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UPDATE (6/5/20): East Lansing City Manager Requests Use of Force Review by Ingham County Prosecutor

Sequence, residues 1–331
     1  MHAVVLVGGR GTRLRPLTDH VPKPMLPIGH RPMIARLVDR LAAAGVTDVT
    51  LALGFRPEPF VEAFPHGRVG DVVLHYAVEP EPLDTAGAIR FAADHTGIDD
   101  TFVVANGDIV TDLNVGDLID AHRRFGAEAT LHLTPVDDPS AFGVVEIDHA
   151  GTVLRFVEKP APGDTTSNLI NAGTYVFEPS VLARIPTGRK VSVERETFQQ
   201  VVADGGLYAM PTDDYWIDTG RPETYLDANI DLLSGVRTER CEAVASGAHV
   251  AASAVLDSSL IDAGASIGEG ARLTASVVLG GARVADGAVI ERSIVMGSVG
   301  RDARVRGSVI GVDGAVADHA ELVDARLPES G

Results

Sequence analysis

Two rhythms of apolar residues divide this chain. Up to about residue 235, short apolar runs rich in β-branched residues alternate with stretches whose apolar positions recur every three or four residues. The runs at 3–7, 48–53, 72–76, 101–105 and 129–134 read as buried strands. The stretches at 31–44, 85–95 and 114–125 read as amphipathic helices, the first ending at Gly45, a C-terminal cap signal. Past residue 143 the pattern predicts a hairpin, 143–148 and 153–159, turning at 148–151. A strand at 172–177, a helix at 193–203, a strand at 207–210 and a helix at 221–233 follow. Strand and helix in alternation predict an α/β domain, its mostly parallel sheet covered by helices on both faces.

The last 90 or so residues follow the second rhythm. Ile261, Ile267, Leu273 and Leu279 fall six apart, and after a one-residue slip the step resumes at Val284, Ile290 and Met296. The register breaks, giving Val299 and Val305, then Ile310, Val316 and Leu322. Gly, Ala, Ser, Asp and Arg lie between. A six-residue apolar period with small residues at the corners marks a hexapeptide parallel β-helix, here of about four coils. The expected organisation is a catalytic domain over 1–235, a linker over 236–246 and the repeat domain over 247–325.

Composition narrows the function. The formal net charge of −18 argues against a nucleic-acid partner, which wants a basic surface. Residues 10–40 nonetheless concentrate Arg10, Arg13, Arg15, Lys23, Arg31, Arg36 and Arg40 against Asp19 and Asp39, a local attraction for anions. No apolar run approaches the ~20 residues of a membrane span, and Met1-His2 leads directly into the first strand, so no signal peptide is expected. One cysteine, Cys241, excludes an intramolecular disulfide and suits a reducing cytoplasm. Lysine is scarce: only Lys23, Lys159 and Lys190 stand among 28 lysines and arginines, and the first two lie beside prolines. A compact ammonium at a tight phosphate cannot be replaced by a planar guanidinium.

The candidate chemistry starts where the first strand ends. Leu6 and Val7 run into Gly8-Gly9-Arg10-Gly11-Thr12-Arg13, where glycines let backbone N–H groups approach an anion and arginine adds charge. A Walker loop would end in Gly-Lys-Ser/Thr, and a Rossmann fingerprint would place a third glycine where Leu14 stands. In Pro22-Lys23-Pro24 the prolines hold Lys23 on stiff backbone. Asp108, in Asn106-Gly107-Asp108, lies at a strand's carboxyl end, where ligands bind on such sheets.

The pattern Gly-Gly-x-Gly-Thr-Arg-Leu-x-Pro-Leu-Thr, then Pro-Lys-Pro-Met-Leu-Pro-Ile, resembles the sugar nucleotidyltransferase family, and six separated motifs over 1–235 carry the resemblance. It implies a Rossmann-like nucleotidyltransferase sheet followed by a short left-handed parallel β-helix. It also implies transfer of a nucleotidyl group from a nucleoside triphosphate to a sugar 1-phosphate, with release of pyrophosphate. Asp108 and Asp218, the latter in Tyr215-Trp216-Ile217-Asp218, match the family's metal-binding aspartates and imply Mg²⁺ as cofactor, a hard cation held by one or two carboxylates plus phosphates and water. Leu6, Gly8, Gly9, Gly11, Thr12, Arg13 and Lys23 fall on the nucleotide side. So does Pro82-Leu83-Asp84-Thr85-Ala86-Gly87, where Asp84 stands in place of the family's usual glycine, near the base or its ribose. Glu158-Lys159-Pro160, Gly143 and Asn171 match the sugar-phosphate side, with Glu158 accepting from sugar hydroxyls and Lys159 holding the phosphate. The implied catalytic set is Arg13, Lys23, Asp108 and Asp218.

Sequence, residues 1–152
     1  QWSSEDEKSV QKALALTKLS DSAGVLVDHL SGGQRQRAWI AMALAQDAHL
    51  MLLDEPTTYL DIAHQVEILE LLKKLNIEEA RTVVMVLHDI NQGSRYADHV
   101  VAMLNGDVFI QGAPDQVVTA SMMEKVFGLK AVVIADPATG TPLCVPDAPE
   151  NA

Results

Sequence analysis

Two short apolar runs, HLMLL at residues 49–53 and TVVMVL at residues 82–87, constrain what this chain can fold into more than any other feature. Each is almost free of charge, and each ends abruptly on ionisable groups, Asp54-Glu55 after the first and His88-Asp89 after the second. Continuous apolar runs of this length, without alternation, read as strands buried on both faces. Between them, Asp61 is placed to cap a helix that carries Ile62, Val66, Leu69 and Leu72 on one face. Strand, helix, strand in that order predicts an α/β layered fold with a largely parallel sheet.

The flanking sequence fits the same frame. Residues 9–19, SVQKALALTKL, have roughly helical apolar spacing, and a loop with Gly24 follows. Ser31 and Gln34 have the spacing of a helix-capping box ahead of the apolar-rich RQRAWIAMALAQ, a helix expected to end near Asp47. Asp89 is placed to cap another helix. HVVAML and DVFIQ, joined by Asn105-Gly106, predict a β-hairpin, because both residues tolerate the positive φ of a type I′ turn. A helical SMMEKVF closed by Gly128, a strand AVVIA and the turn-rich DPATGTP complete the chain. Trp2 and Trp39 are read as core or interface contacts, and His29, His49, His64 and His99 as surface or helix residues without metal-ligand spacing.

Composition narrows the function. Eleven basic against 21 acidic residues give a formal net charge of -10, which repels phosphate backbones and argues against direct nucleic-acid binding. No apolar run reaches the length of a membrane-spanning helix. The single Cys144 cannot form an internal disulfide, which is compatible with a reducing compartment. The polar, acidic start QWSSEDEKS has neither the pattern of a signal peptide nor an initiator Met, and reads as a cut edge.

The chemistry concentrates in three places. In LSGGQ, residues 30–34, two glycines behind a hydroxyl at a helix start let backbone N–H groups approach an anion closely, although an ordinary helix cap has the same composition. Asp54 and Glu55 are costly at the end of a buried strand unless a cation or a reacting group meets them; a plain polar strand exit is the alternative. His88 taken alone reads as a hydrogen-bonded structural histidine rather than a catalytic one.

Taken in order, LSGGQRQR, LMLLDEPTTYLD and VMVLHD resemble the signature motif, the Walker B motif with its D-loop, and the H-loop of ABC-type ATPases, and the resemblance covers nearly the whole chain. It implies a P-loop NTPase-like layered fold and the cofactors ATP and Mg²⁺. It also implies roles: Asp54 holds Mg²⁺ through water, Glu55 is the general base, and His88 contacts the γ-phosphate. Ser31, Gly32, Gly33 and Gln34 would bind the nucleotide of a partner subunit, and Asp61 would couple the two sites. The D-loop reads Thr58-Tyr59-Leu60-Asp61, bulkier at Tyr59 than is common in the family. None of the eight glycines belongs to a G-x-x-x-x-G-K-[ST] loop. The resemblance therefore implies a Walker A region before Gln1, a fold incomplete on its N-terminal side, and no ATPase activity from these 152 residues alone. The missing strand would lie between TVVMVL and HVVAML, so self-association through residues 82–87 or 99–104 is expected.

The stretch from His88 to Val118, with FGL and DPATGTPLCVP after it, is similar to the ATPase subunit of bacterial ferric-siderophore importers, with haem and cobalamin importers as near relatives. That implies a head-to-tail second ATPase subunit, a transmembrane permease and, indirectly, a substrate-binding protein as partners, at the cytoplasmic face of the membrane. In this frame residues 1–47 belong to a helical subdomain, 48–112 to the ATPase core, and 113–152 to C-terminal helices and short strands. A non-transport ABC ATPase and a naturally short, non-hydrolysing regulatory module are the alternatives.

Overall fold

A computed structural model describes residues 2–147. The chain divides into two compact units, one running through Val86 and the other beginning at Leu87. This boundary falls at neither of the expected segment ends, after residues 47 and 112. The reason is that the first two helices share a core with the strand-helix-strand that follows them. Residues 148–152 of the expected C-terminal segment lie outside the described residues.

EAST LANSING, Mich. — Body-worn and in-car camera footage from an arrest made by the East Lansing Police Department (ELPD) on December 28, 2019 is now being released to the public.The video footage, along with the MSP reports and ELPD documents related to the December 2019 arrest, have been posted at https://www.cityofeastlansing.com/2103/24859/Internal-Investigation---December-2019.The video footage was initially not released at the formal request of the Ingham County Prosecutor’s Office (ICPO) due to pending court proceedings; however, following subsequent communication with the ICPO, it was determined that the videos will be released by formal request of East Lansing Mayor Ruth Beier.BackgroundThe Michigan State Police (MSP) recently completed its review of the use of force employed by ELPD officers during two separate arrests on December 28, 2019 and February 9, 2020.The cases were assigned to the MSP First District Special Investigation Division, which is tasked with conducting MSP internal criminal investigations and investigations involving outside law enforcement officers, among other sensitive cases. The MSP investigator was provided the ELPD case reports and all associated video in both cases. At the conclusion of the review, the investigator generated two case reports to document his findings. The case report for the traffic stop and arrest that occurred on December 28, 2019 concludes that, according to the Michigan Commission on Law Enforcement Standards (MCOLES) use of force continuum and based on the MSP investigator’s training and experience, the officer’s use of force was appropriate to the individual’s level of resistance and in light of the totality of the circumstances. The case report for the 7-Eleven altercation and arrests that occurred on February 9, 2020 also concludes that the officer’s use of physical controls would be appropriate in light in totality of the circumstances, although the investigator does note in the report that it is not possible to see specific interactions between the individual being arrested and the officers.Based on the findings of the MSP review, ELPD’s Response to Resistance Policy and current department-approved training guidelines, ELPD’s internal investigation into the December 28, 2019 traffic stop and arrest will be closed with an exonerated disposition. The officer placed on paid administrative leave has been re-instated.ELPD leadership is currently reviewing the technique of “head stabilization” as a method to gain physical control over a resisting subject during an arrest. There has been informal direction that this technique has been shown to cause harm to arrestees and it should only be used in extreme, articulable circumstances. Due to the COVID-19 crisis, ELPD use of force training sessions in May have been rescheduled to the summer. During the next session, formal re-training on this technique will be undertaken. The possibility of suspect injury, environmental factors, practical techniques and having an articulable reason to employ head stabilization will all be part of this training effort. All ELPD officers will be part of this re-training.Additionally, the East Lansing City Council plans to move forward with establishing a public safety citizen oversight commission, which will continue to be discussed at upcoming Council meetings this May.“In light of these arrests and the subsequent investigations, as well as the officer-initiated contact data and the community feedback we have received, we remain committed to moving forward with a public safety oversight commission as quickly as possible, and ELPD has also committed to implementing several departmental changes, some of which have already occurred,” said East Lansing Mayor Ruth Beier. “We will continue to work to make all necessary changes so that everyone feels safe and welcome in the City of East Lansing.”